Union leaders expressed concerns about an opaque selection process as New Orleans Regional Transit Authority board members met privately on Friday to interview candidates for the agency’s new chief executive officer.
Two months after Alex Wiggins’ abrupt departure, the board was interviewing two internal and two external candidates drawn from dozens of applications. Board members could sign off on a permanent leader as soon as Tuesday.
- Lona Edwards Hankins, interim CEO and former head of RTA infrastructure, who could benefit from a change in minimum job qualifications
- Mark Major, RTA’s Deputy Chief Executive Officer for Finance and Administration
- Herold Humphrey, the deputy chief of bus operations for the Atlanta public transit agency
- Robbie Makinen, the former chief executive officer of the Kansas City Area Transportation Authority.
The executive search comes at a sensitive time for the agency as it seeks to develop its first bus rapid transit system and grapples with growing unrest from unions over its bus and tram operators and its mechanical.
Union application process
As the board prepared to interview candidates, two union representatives were present in a glass-walled conference room at the Greater New Orleans Inc. headquarters.
Kory Dupree, chair of Amalgamated Transit Union’s Local 1560, told the board that applicants should address widespread concerns among drivers about lack of communication from management, the quality of the buses and their safety. Following his comment, the board entered into executive session and asked the public to leave.
Outside the building, Dupree and Darius Hollins, president of the International Brotherhood of Electrical Workers Local 1700, which includes mechanics scheduled to begin contract negotiations with the RTA within weeks, said they received little notice about the finalists. Hollins said he didn’t learn the names of the outside candidates until Thursday.
“I had to sift and look around to find out who the other candidates were. We should have been the first to know,” Dupree said. “Everything is jaw-dropping.”
Hollins said he was concerned the board had already decided on his selection.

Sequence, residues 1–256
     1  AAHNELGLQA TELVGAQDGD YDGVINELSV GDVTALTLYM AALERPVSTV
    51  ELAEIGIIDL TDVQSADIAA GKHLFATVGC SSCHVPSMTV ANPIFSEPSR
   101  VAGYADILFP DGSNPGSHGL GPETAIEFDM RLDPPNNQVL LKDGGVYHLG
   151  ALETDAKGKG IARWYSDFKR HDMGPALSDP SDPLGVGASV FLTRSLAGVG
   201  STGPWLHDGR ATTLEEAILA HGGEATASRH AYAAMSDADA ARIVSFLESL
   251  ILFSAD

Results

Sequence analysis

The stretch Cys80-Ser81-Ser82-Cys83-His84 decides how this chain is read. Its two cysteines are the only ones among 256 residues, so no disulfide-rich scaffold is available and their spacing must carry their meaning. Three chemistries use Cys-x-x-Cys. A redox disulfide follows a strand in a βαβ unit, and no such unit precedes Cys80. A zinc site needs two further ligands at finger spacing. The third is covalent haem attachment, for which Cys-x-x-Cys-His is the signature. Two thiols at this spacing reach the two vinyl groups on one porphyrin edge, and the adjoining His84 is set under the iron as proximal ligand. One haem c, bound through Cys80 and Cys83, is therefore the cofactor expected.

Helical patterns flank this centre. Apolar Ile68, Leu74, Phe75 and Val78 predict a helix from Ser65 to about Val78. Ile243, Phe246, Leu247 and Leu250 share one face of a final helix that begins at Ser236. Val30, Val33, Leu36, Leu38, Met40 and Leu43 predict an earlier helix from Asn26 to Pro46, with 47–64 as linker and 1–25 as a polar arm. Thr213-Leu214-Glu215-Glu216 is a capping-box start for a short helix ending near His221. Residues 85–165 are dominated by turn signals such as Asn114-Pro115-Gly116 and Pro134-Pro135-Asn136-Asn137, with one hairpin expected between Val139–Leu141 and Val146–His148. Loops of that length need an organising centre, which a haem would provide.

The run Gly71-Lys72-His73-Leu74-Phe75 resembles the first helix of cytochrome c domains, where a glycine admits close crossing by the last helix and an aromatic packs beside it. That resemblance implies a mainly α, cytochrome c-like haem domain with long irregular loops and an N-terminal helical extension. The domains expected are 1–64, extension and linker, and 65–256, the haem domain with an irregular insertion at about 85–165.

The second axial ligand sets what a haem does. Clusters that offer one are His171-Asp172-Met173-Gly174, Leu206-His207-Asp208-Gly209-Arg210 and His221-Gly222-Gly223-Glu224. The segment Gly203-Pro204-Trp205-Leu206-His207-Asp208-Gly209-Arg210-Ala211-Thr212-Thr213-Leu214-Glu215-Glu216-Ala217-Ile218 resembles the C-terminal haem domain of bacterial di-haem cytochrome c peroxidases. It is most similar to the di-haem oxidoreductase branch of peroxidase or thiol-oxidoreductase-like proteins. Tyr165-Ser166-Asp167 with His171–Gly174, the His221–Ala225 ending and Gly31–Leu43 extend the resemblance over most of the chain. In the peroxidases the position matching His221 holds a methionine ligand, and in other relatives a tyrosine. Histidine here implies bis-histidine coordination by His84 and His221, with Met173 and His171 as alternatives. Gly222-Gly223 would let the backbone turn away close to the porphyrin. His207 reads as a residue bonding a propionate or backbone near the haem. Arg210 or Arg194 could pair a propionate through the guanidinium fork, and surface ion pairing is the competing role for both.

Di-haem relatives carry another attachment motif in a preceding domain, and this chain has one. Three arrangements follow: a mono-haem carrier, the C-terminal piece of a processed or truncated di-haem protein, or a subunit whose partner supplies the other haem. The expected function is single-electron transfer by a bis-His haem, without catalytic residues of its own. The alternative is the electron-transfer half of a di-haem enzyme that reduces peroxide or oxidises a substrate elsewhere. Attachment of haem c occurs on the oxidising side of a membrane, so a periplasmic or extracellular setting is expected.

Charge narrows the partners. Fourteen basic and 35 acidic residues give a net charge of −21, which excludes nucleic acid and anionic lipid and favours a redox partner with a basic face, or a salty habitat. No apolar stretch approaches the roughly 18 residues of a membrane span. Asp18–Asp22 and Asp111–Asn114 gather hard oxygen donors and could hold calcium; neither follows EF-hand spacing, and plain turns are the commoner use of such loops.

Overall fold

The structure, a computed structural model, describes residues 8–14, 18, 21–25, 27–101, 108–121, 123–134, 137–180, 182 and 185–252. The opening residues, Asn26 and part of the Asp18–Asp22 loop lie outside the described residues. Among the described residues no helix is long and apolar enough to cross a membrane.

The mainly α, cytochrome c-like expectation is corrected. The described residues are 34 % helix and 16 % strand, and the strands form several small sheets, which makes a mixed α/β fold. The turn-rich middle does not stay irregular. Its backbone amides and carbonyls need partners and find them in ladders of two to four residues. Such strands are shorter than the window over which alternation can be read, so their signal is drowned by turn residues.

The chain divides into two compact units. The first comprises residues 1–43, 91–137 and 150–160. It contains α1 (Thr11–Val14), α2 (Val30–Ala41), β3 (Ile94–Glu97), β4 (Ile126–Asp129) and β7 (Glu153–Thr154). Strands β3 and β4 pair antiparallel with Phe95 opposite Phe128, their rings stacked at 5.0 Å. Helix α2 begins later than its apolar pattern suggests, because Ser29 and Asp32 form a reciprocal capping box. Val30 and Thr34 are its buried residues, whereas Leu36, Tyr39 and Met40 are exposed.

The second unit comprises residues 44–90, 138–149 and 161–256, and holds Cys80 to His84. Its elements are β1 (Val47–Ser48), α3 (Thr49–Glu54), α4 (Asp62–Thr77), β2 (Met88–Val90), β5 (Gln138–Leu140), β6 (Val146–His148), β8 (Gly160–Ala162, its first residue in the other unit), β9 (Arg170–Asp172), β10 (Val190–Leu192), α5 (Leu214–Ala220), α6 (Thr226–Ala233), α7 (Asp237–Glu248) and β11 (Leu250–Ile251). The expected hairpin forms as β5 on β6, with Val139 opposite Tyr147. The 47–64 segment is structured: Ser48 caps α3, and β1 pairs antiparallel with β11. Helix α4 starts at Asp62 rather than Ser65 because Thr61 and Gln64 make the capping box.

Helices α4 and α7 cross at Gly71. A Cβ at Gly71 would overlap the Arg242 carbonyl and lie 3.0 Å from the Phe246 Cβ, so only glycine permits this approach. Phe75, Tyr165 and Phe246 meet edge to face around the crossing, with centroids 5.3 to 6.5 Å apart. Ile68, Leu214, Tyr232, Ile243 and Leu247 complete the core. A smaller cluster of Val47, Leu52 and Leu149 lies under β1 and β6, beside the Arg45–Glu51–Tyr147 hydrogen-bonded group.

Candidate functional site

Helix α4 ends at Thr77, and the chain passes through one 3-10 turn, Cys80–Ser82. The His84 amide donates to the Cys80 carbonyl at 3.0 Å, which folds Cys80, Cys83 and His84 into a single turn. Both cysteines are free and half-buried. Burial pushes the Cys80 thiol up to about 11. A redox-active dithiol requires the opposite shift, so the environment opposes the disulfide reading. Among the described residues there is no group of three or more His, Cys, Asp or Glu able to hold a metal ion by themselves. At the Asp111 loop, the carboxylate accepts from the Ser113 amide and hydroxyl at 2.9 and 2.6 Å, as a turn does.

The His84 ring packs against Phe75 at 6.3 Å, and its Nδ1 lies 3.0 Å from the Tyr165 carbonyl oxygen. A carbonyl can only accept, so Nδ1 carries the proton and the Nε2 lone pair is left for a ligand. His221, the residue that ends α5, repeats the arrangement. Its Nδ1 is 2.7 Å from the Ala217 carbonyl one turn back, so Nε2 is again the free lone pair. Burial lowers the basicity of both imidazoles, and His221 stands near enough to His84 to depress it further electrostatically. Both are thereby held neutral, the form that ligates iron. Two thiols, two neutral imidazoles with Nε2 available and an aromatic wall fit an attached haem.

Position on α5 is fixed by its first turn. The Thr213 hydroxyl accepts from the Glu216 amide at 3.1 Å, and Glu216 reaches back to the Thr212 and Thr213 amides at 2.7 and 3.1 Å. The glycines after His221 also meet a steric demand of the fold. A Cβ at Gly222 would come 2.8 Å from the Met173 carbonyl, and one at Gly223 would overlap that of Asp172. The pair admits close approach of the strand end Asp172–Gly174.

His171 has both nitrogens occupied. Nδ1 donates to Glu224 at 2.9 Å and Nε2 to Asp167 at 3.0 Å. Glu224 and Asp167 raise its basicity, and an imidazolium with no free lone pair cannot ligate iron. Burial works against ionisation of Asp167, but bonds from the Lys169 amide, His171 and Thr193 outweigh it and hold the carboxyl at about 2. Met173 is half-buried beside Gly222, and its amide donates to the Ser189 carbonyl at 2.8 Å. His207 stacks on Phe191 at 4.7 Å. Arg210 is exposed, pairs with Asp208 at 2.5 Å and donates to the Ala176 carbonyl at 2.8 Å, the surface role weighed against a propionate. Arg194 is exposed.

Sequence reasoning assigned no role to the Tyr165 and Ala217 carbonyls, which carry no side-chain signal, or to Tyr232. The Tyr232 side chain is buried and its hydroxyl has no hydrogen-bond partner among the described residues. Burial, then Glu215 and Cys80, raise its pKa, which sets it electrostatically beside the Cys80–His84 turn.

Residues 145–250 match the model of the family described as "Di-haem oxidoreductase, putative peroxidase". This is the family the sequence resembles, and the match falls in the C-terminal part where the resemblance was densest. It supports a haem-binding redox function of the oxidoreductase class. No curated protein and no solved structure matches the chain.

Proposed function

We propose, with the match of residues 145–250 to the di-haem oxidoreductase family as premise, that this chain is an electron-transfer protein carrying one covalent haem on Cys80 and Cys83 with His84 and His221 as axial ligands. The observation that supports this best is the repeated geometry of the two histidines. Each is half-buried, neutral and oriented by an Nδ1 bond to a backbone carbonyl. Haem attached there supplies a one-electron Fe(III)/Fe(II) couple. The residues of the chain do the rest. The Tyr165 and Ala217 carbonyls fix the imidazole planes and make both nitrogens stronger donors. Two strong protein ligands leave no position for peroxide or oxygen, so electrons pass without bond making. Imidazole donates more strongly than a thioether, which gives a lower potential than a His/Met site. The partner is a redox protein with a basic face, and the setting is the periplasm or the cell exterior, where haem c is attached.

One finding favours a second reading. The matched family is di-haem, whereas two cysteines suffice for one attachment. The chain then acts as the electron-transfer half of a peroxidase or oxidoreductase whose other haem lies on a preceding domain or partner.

The RTA declined to answer a number of questions about executive search. But in prepared statements, board chairman Mark Raymond and Dylan Wade, general counsel of TMG Consulting, the firm that conducted the research, defended the process.
“The RTA Board of Directors has full confidence in national recruitment for the Chief Executive Officer position at New Orleans RTA. The board looks forward to selecting and hiring an executive to continue the agency’s progress in building a world-class transportation system that is equitable and prioritizes the needs of our passengers,” said Raymond.
Wade said ads placed in six publications on Jan. 16 yielded 77 applications. After background checks and searches were conducted, the applications were evaluated by a selection committee consisting of Anthony Mumphrey III of TMG Consulting, Courtney Jackson of RIDE New Orleans and Jason Sappington of the New Orleans Regional Planning Commission, Wade said. Hankins, Major, Humphrey and Makinen were the highest scorers.
Before Wiggins resigned in December after three years on the job, there were few public signs that he was leaving.
The board appointed Hankins on an interim basis. As head of RTA infrastructure since December 2019, he has overseen projects such as the yet-to-be-open Canal Street Ferry Terminal and the reconstruction of the Rampart Street trolley line after the nearby Hard Rock Hotel collapsed.
In a letter to the selection committee, Hankins described RTA as a “diamond in the rough,” adding that “with the right leadership and vision this agency can be an agent of change for New Orleans.” Hankins also said she served as capital projects director for the Louisiana Recovery School District from 2007 to 2018, helping rebuild New Orleans public schools after Hurricane Katrina.
A change to the RTA’s solicitation for CEO candidates could benefit Hankins. During the 2019 search that led to Wiggins’ selection, one of the minimum qualifications was five years of senior leadership experience at a public transport agency. This year’s solicitation required three years, making Hankins narrowly eligible.
The RTA did not respond to questions as to why the qualification was changed or by whom.
Major is a decades-long RTA veteran who has highlighted, in his cover letter and resume, his roles in negotiating the agency’s employment agreement with operators, creating the annual budget, and managing the transition from external management to the internal one in 2020.
From 2006 to 2009, he was the director general of the RTA, until the board ordered a change in the agency’s leadership. He took a short break from the transit agency between July 2018 and June 2019, after the private agency that ran the RTA at the time ousted him in a dispute over a new ferry fleet.
Prior to accepting his job in Atlanta, Humphrey served as vice president of bus operations for Dallas Area Rapid Transit from 2017 to 2021 and an executive for international transportation management company Transdev from 2015 to 2017. In his resume, Humphrey said he currently head of around 2,000 employees and had pushed to improve the efficiency of the buses.
Makinen led bus service in the Kansas City area from 2016 to 2022, when he was forced out due to a dispute between his agency and city officials over whether transit money should be spent on street lighting , according to The Kansas City Star. The newspaper reported that he was “long held in high regard”.
Makinen helped usher in free service for riders such as military veterans and high school students, according to a news report. In a letter to RTA’s board, Makinen said he had secured campaign funding to expand the service in the Kansas City area, leading to “spectacular” results.